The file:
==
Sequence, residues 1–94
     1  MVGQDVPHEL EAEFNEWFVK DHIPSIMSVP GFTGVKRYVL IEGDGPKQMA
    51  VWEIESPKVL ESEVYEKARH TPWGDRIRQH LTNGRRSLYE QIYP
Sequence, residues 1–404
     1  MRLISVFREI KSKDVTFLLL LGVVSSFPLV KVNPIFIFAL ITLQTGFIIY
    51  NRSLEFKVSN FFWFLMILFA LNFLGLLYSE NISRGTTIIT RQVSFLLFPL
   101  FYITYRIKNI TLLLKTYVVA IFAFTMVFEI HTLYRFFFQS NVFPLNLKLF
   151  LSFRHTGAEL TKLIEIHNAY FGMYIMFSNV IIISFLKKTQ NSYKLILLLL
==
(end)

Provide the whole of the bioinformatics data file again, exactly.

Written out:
Sequence, residues 1–94
     1  MVGQDVPHEL EAEFNEWFVK DHIPSIMSVP GFTGVKRYVL IEGDGPKQMA
    51  VWEIESPKVL ESEVYEKARH TPWGDRIRQH LTNGRRSLYE QIYP
Sequence, residues 1–404
     1  MRLISVFREI KSKDVTFLLL LGVVSSFPLV KVNPIFIFAL ITLQTGFIIY
    51  NRSLEFKVSN FFWFLMILFA LNFLGLLYSE NISRGTTIIT RQVSFLLFPL
   101  FYITYRIKNI TLLLKTYVVA IFAFTMVFEI HTLYRFFFQS NVFPLNLKLF
   151  LSFRHTGAEL TKLIEIHNAY FGMYIMFSNV IIISFLKKTQ NSYKLILLLL